Alcoholic drinks will carry calorie counts, health warnings, and a minimum price floor under a wide-ranging Government bid to combat abuse.
Health Minister Leo Varadkar denied that the Cabinet was “spineless” for abandoning moves towards stopping drinks giants sponsoring sporting events.
Mr Varadkar said he expected the ban on below-cost-selling to come into force after the outcome of European challenges to a similar move in Scotland, expected this November.
The long-delayed Public Health (Alcohol) Bill will force calorie counts and health-warning labelling on alcoholic drinks in a bid to promote healthier consumption.
Television advertising will only be allowed after a certain time of night, as any marketing appealing to children will be banned.
Mr Varadkar said price controls were essential in the bid to combat binge drinking by setting a price floor.
“That is designed to get rid of very low, cheap alcohol that is being sold in our supermarkets, which is fuelling binge drinking, particularly among young people. Most Irish adults drink too much and many drink dangerously,” Mr Varadkar said, insisting that Ireland needed to reduce its alcohol consumption to the OECD average by 2020.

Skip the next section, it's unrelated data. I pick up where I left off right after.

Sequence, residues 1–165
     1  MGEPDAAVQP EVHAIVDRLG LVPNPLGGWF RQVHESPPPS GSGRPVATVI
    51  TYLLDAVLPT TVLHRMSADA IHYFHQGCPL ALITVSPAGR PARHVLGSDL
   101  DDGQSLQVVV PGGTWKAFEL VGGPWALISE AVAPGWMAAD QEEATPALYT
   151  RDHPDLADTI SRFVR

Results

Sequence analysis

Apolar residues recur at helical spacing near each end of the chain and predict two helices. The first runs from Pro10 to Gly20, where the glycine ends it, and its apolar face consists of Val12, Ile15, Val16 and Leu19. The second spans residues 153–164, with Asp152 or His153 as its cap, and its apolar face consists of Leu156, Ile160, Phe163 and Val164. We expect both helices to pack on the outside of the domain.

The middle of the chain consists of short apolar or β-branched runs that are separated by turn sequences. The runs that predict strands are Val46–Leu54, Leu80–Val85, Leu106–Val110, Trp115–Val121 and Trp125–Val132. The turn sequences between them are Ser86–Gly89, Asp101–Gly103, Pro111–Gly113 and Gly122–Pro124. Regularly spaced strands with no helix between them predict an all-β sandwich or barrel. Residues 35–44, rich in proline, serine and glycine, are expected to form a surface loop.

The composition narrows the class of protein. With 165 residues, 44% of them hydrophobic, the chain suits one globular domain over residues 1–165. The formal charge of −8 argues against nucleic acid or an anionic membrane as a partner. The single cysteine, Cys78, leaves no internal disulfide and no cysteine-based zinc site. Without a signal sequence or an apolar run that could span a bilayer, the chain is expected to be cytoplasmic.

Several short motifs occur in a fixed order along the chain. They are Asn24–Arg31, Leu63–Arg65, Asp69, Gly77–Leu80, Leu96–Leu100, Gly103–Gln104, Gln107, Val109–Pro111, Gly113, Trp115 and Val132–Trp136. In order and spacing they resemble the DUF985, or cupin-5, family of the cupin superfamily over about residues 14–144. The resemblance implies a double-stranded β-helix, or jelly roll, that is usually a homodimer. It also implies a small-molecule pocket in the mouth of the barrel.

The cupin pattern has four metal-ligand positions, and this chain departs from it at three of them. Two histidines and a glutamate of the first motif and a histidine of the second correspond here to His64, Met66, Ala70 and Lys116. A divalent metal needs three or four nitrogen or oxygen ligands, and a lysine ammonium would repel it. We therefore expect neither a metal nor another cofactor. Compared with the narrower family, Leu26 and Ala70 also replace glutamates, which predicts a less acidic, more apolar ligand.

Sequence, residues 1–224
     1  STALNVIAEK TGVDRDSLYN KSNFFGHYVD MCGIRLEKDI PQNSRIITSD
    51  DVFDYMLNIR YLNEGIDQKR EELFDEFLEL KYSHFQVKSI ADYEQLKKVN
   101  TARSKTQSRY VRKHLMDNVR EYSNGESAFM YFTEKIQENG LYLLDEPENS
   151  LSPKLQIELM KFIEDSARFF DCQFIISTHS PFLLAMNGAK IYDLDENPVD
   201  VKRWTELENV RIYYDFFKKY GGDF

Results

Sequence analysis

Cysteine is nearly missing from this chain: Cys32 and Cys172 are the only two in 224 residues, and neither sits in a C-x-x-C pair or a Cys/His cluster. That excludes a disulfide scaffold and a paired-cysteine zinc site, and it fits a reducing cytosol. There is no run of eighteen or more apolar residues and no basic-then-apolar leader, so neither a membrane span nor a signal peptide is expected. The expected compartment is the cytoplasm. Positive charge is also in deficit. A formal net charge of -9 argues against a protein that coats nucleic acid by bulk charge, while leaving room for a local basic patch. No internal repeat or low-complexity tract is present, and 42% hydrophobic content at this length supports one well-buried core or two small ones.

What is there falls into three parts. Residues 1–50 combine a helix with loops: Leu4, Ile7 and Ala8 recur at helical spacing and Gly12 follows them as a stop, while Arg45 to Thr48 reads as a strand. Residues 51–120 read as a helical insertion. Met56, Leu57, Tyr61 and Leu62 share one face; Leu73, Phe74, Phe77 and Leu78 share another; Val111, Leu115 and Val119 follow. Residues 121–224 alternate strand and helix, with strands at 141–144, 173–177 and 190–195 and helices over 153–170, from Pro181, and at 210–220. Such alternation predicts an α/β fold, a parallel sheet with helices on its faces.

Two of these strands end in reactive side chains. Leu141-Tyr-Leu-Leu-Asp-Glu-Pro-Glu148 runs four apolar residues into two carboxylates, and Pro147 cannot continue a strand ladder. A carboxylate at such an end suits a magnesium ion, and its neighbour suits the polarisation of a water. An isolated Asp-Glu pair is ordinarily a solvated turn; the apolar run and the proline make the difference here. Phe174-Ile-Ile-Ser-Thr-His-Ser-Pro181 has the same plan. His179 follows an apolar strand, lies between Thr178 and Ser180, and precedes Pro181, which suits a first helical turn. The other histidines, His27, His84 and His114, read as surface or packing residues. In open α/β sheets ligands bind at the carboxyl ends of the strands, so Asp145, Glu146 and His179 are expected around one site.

He denied accusations from former GAA president Dr Mick Loftus that the Government was “spineless” for not breaking the link between alcoholic brands and the sponsorship of sports events. Mr Varadkar claimed organisations needed the €30m a year that such deals brought in, and said a voluntary code on such promotions would now get legal footing.
“Around the Cabinet table, we would still take the view that we would like to ban sponsorship of sports all together, provided alternative finance can be found,” said Mr Varadkar.
“The perfect is the enemy of the good, and I want to push ahead now with the 80% [that everybody] agrees on and then review the whole thing again in three years’ time.”
Alcohol Action Ireland chief executive Suzanne Costello welcomed the move but insisted it did not go far enough. “The decision to place the existing ineffective ‘voluntary code of practice for sponsorships for drinks companies’ on a legislative footing is a significant weakness in the proposal and we call on the minister to re-examine this measure before the bill is published in full,” she said.
“It remains to be seen if the alcohol industry will take a legal challenge with regard to this legislation, specifically minimum unit pricing, as they have done in other jurisdictions.”
Alcohol will have to be clearly separated from other products in shops under the new rules and environmental health officers will be given extra powers to enforce measures.
The Vintners’ Federation of Ireland demanded clarification on unit pricing for alcohol regarding its level and introduction date, while the National Off-Licence Association insisted unit cost levels were key. “The effectiveness of the measure is entirely dependent on the introduction of an appropriate price which we believe must be 70c per unit of alcohol to have the required impact,” it said.
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